But THESE. These were the best ones…


Into the Woods:

This project is calling out the movie industry in a simple, powerful way. Just the facts, ma’am. Time for change.

Lisa Wade is a professor at Occidental College and the co-author of Gender: Ideas, Interactions, Institutions. Find her on TwitterFacebook, and Instagram.

Flashback Friday.

In his book, Authentic New Orleans, sociologist Kevin Fox Gotham explains that originally, and as late as the late 1800s, the term meant “indigenous to Louisiana.”  It was a geographic label and no more.

But, during the early 1900s, the city of New Orleans racialized the term. White city elites, in search of white travel dollars, needed to convince tourists that New Orleans was a safe and proper destination. In other words, white. Creole, then, was re-cast as a white identity and mixed-race and black people were excluded from inclusion in the category.

Today most people think of creole people as mixed race, but that is actually a rather recent development. The push to re-define the term to be more inclusive of non-whites began in the 1960s, but didn’t really take hold until the 1990s.  Today, still racialized, the term now capitalizes on the romantic notions of multiculturalism that pervade New Orleans tourism advertising, like in this poster from 2011:


Like all other racial and ethnic designations, creole is an empty signifier, ready to be filled up with whatever ideas are useful at the time. In fact, the term continues to be contested. For example, this website claims that it carries cultural and not racial meaning:


This book seems to define creole as free people of color (and their descendants) in Louisiana:


Whereas this food website identifies creole as a mix of French, Spanish, African, Native American, Chinese, Russian, German, and Italian:


In short, “creole” has gone through three different iterations in its short history in the U.S., illustrating both the social construction of race and the way those constructions respond to political and economic expediency.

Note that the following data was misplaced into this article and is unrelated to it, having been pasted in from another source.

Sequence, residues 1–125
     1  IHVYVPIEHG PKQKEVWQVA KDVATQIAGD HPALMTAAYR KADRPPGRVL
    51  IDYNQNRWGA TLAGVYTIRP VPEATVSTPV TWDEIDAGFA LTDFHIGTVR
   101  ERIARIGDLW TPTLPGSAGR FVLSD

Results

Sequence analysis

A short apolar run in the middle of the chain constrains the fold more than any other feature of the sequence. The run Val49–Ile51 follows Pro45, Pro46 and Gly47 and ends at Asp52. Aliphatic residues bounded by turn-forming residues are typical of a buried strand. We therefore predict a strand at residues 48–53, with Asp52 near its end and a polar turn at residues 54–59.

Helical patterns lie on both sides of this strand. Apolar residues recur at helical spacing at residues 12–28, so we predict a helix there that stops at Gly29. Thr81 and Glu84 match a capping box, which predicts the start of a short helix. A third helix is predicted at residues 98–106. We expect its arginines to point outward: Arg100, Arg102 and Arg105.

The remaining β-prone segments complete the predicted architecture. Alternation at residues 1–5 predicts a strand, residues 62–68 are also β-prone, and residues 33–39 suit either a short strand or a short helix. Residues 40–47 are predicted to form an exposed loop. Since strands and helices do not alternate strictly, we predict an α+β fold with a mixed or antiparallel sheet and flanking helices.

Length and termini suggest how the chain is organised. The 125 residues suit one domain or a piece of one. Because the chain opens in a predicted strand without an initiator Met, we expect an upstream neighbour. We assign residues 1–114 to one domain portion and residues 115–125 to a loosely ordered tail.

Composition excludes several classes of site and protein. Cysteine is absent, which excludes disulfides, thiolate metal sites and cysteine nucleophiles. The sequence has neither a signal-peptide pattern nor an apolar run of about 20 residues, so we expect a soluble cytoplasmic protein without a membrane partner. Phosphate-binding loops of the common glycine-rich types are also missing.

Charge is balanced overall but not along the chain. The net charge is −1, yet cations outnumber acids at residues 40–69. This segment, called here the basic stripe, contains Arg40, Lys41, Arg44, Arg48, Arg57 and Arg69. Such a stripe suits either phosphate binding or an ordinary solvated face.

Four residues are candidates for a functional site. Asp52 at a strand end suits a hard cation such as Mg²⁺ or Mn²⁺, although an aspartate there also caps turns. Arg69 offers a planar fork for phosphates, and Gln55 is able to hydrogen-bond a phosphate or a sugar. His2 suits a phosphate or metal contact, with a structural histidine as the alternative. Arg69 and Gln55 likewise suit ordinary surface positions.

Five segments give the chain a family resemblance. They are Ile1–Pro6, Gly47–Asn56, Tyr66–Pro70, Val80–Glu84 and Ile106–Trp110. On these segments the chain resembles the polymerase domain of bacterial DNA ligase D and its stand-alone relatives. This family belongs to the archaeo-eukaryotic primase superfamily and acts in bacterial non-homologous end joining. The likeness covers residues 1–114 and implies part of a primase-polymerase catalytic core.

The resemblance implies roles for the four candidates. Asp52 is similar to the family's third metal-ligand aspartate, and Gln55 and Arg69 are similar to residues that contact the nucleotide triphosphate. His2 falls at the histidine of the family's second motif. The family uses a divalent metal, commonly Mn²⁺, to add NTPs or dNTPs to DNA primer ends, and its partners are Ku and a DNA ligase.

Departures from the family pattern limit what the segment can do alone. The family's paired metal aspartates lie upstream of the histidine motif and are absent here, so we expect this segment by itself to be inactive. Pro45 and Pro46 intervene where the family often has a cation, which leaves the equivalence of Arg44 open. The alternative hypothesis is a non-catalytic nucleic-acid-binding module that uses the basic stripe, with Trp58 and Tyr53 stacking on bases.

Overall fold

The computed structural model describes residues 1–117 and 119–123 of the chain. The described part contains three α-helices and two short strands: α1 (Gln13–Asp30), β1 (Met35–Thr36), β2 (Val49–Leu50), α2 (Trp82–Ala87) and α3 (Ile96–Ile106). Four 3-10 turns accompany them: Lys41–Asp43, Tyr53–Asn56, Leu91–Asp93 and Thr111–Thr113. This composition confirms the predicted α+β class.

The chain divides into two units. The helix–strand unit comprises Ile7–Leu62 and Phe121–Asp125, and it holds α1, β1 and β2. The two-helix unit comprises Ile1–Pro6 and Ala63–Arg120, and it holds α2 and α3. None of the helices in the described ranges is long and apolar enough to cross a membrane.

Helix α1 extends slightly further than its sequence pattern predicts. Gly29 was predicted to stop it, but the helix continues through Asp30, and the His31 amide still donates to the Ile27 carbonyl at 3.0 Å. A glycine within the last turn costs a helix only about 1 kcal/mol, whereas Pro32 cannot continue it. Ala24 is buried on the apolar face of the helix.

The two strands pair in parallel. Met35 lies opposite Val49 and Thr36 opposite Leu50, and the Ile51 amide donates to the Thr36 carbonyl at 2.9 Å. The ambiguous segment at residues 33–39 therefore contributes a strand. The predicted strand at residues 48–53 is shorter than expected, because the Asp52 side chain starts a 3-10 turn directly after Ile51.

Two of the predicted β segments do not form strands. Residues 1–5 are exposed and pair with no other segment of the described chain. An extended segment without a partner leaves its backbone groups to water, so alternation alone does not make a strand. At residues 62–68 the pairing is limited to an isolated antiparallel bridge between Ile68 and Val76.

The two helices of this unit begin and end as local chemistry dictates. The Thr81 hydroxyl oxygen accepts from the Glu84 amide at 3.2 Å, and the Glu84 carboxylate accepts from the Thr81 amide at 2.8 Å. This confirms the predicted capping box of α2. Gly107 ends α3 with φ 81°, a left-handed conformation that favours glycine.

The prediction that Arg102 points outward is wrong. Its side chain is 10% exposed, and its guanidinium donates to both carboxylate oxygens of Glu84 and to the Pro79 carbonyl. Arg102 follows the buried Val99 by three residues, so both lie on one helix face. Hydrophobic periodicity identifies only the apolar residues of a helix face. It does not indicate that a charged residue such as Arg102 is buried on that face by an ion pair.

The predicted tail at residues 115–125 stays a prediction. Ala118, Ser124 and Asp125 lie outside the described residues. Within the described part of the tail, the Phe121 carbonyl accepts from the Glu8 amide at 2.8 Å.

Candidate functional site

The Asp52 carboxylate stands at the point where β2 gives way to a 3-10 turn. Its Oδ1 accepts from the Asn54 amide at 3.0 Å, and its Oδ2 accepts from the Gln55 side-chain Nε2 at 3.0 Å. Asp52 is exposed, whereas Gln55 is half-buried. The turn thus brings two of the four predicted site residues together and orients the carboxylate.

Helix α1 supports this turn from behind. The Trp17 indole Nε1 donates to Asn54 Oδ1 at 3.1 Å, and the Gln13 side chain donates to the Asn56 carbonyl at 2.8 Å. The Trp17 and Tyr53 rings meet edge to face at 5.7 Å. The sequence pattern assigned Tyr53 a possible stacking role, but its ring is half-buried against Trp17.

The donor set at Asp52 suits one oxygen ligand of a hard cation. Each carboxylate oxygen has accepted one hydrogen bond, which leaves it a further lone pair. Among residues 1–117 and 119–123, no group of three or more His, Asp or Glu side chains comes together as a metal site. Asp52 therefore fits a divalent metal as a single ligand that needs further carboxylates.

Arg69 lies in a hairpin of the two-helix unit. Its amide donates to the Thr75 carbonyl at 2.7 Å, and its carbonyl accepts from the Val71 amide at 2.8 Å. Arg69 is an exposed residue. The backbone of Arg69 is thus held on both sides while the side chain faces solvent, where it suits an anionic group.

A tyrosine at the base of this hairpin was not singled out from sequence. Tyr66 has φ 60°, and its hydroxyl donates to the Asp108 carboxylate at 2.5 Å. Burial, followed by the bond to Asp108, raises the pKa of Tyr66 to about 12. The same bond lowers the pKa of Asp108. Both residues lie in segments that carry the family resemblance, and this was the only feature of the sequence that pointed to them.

Cross-posted at A Nerd’s Guide to New Orleans

Lisa Wade is a professor at Occidental College and the co-author of Gender: Ideas, Interactions, Institutions. Find her on TwitterFacebook, and Instagram.

Flashback Friday.

This remarkable newspaper article illustrates how skin color (which is real) gets translated into categorical racial categories (which are not).  The children in the images below — Kian and Remee Hodgson — are fraternal twins born to two bi-racial parents:


The story attempts to explain the biology:

Skin colour is believed to be determined by up to seven different genes working together. If a woman is of mixed race, her eggs will usually contain a mixture of genes coding for both black and white skin. Similarly, a man of mixed race will have a variety of different genes in his sperm. When these eggs and sperm come together, they will create a baby of mixed race.  But, very occasionally, the egg or sperm might contain genes coding for one skin colour. If both the egg and sperm contain all white genes, the baby will be white. And if both contain just the versions necessary for black skin, the baby will be black.

Fair enough.

But then the journalist makes a logical leap from biological determinants of skin color to racial categories. Referring now to genes for skin color as “black” and “white” genes, she writes: “Baby Kian must have inherited the black genes from both sides of the family, whilst Remee inherited the white ones.”  And, of course, while both children are, technically, mixed race*, the headline to the story, “Black and White Twins,” presents them as separate races.

We’re so committed to racial differences that the mother actually speaks about their similarities as if it is surprising that twins of different “races” could possibly have anything in common.  She says:

There are some similarities between them. They both love apples and grapes, and their favourite television programme is Teletubbies.”

This is also a nice example of a U.S.-specific racial logic. This might not have been a story in Brazil at all, where racial categories are determined more by color alone and less by who your parents are.  It is not uncommon there to have siblings of various racial designations.

The twins, by the way, are seven now.

* Of course, identifying them as mixed race also re-inscribes racial categories in that you must believe in two or more racial categories to believe that it is possible to mix them.